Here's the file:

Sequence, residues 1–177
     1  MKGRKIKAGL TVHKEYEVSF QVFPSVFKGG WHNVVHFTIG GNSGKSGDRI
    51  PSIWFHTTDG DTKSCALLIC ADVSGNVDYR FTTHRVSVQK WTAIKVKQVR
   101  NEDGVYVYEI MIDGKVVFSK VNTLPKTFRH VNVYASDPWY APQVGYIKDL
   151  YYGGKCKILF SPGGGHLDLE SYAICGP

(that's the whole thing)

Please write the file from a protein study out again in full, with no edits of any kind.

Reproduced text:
Sequence, residues 1–177
     1  MKGRKIKAGL TVHKEYEVSF QVFPSVFKGG WHNVVHFTIG GNSGKSGDRI
    51  PSIWFHTTDG DTKSCALLIC ADVSGNVDYR FTTHRVSVQK WTAIKVKQVR
   101  NEDGVYVYEI MIDGKVVFSK VNTLPKTFRH VNVYASDPWY APQVGYIKDL
   151  YYGGKCKILF SPGGGHLDLE SYAICGP